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A School Successfully Navigating the Winds of Pandemic Change

A conversation with Jamie Williamson of The Windward School

Jamie Williamson, Head of School for The Windward School in New York, sat down with Dr. Rod Berger to discuss the impact COVID-19 has had on members of his school community, including students, families, faculty, staff and all other stakeholders. In addition to shifts forced by the pandemic, Williamson describes learning models at his school, and addresses the role of education in advancing social justice measures that can better understand and represent minority students more broadly.

To say the last few months were challenging to The Windward School, just like countless others nationwide, would be an understatement. Not only was there a health crisis to handle, but economic and educational consequences to consider. 

“We have an educational crisis in this country right now that we probably don’t talk about enough. In March, when the entire economy shut down, and schools and businesses were forced to work from home, kids were instructed remotely across the country. But [at the time] nobody linked in school leadership to deliver a program in that way. I think we were forced, as a country, to take a look at how we can pivot and deliver an entirely different program,” says Williamson.

As many schools struggled to transition, Windward found success in continuing their emphasis on direct teacher-student interaction, but this time in a virtual setting. As he adds, “We decided that one of the big priorities was putting teachers in front of kids. Many schools went with a lot more of an autonomous sort of asynchronous kind of platform. [But] for kids who suffer from language-based learning disabilities, the idea of asynchronous learning is really challenging on so many levels. Our kids benefit from direct instruction that’s multi-sensory and skill-focused and sequential in its process. I think, for us, the idea of putting teachers in front of kids on a Zoom platform was a critical step in that process.”

The Windward School serves students with dyslexia and language-based learning disabilities (LBLD), and Williamson and the faculty embody a different spirit of “sticktoitiveness” innate in trying to support young people who are not always best served by the traditional school system. Interestingly though, during these difficult times, many public school systems could now benefit from the practices and methodologies exhibited to LBLD students. Williamson explains, “I’ve had superintendents of public instruction say things like, ‘Well, you get to pick all your students.’ I say, ‘We actually pick the kids who fail in your district.’ We pick the kids who fail the admission assessment and are the neediest academically. We work hard to provide research-based intervention, good reading instruction, and solid pedagogy to implement some impact.”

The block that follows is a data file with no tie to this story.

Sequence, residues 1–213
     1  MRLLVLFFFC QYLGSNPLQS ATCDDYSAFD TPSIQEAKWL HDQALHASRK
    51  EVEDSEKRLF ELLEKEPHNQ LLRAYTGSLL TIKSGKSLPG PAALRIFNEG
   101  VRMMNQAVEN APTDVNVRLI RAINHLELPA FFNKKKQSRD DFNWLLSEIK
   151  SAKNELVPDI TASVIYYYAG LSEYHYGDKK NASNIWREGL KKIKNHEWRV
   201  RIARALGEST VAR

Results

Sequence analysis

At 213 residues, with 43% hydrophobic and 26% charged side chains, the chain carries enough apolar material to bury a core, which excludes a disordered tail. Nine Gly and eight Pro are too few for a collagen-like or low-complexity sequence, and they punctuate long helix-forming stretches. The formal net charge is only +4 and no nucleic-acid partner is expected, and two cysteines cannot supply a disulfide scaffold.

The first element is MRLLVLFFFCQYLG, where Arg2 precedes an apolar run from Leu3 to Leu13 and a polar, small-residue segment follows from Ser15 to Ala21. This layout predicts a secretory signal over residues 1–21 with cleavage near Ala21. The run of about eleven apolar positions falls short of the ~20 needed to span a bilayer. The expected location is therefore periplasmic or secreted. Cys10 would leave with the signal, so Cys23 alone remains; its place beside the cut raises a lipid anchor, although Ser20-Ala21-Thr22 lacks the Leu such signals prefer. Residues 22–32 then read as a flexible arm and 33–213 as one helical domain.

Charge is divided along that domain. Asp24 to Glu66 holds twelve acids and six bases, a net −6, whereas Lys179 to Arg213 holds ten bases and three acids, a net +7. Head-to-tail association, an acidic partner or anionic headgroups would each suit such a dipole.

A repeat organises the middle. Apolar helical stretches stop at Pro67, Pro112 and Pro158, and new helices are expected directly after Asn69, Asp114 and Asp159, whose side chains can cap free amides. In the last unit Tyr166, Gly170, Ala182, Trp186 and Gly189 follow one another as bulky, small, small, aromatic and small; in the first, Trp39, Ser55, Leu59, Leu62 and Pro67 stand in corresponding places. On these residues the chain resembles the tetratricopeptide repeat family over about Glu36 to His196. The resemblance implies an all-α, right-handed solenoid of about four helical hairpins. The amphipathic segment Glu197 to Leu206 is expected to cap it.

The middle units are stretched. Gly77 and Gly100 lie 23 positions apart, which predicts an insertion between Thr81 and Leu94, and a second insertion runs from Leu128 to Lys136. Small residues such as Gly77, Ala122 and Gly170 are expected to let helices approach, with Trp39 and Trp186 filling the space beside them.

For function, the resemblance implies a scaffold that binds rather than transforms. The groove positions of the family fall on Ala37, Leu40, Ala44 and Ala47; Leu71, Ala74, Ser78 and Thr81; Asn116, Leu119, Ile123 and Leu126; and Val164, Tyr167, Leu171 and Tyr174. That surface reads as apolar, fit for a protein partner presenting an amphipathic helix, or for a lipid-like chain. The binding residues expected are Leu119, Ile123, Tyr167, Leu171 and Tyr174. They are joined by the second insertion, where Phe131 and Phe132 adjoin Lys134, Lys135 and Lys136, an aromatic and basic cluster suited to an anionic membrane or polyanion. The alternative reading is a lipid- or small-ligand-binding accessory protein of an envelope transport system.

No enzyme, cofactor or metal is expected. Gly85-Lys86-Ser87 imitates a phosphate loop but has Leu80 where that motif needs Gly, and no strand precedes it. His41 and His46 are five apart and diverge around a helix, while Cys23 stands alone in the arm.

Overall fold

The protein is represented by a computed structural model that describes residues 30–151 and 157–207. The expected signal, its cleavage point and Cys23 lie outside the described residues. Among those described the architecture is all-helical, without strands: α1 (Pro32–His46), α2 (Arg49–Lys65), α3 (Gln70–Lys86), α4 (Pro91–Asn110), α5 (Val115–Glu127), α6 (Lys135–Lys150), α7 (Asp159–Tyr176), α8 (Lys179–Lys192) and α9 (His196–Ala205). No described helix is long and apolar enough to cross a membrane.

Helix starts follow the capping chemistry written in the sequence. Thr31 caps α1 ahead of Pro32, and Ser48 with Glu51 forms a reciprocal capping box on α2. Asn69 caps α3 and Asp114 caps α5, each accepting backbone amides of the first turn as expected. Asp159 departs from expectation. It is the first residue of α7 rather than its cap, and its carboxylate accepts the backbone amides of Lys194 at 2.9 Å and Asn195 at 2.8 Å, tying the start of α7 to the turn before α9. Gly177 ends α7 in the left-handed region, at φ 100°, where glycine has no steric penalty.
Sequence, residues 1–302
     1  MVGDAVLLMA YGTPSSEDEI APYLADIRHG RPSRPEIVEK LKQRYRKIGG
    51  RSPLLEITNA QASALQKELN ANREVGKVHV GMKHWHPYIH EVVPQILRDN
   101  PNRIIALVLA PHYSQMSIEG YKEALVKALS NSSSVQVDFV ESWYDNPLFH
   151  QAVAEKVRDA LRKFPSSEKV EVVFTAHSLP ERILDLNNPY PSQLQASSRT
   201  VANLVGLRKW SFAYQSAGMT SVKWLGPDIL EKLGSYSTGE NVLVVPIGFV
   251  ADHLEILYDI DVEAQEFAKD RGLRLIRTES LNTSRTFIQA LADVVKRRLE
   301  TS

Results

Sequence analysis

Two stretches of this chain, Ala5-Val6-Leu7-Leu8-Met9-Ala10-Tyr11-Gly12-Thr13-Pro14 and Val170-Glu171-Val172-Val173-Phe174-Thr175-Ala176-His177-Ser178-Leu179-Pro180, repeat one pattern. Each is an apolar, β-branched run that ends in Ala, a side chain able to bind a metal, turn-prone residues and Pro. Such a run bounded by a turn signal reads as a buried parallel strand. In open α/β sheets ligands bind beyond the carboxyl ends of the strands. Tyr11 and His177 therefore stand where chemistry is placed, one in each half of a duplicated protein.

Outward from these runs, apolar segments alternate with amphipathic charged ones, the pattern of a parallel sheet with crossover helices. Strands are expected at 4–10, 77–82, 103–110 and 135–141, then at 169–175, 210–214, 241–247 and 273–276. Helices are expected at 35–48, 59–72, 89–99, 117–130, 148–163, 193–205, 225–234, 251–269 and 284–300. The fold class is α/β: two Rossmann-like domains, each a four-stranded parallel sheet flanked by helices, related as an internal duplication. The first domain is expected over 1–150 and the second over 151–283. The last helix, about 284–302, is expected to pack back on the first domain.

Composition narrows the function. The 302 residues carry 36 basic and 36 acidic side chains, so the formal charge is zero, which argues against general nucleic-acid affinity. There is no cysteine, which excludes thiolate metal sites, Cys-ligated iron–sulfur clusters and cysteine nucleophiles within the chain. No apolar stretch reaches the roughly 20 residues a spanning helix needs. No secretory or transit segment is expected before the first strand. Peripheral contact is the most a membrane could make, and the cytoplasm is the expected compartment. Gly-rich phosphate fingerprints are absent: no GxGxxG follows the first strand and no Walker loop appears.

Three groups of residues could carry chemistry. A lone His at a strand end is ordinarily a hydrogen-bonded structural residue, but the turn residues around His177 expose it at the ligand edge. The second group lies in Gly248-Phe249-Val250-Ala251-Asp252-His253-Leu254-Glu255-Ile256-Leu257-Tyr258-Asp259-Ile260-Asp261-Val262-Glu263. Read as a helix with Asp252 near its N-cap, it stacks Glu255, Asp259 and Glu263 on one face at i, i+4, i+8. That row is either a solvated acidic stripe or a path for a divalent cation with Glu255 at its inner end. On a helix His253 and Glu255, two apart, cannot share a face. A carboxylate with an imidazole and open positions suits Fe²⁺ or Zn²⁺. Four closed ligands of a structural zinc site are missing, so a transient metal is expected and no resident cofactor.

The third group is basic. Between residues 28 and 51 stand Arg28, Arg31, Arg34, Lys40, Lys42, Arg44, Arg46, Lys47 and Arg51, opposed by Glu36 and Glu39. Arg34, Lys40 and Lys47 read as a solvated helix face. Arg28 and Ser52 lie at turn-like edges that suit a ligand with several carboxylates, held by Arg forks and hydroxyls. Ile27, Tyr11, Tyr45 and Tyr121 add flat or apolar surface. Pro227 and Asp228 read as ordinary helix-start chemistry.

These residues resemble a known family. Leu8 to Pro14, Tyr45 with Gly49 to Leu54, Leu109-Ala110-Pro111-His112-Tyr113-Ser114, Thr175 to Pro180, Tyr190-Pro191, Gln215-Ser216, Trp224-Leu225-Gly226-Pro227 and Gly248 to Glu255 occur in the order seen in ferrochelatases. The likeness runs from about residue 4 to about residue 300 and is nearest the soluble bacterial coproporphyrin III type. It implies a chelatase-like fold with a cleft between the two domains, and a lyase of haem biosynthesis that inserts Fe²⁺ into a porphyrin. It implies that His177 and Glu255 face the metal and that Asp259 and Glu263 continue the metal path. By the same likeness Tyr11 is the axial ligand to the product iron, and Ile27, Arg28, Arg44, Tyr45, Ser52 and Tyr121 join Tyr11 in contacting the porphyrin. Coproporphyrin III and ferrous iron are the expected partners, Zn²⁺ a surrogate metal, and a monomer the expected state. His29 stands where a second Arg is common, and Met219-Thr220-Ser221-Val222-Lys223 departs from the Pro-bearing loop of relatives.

“There’s an opportunity [for] all schools to come to the table to examine what good instruction for kids looks like,” he adds. “[There are] many progressive schools where kids have to construct their knowledge [while being] left to their own devices [with] a lot more independence along the way. For us, we believe that we want to create some structure to the learning profile. I don’t want to leave a lot to chance. So we bring in techniques that we know are research-proven. We teach skills directly. We don’t infer the skills.”

In terms of reading comprehension, kids at The Windward School don’t just read; they figure it out. They learn how to ask questions, and come to the text looking for decoding, accuracy, and fluency. There’s an emphasis on practice and consistency that work to expand on skill sets.

“Our process is about creating ‘homogenous groups.’ We take academic skills, and we group like skills. We can target a smaller group and progress that group at the same time,” explains Williamson. 

When it comes to social justice, there are many conversations in education about how to understand and better represent minority students. Education plays a pivotal role in driving lasting change that will have a significant impact on young people’s lives. Williamson and Windward play their part in addressing this critical topic while attempting to take as much of the politicization out of the equation. “I come back to pulling us out of politics and putting this in a human rights perspective,” he says. “It’s an idea of global empathy and the experience that other human beings have in this world. When I think about it from that perspective, it’s imperative that we, as schools, figure out what space we need to occupy. I think it’s one of education and representation.”

In a letter to the community reflecting on the protests and demonstrations, Williamson further addressed the issue and shared, “My hope beyond hope right now is that this is an opportunity for some good in our country. It’s an opportunity as educators and human beings, to come to the table and think about the kids in our system and what they bring to the table. How can we best open channels of dialogue and recognize that we all have some things to learn?”

About Jamie Williamson

Jamie Williamson is the Head of School for The Windward School in New york. He is a progressive educational leader, proven creative problem-solver, and steadfast advocate for children with 14 years of experience supporting families and children with learning differences. Williamson is a standard-bearer within schools for partnership and collaboration who seeks to empower students, families, and staff to be successful. Before Windward, he served as the Head of School for Marburn Academy, which is an independent day school for students with learning differences.

Follow Jamie Williamson on Twitter @JWilliamsonEdS

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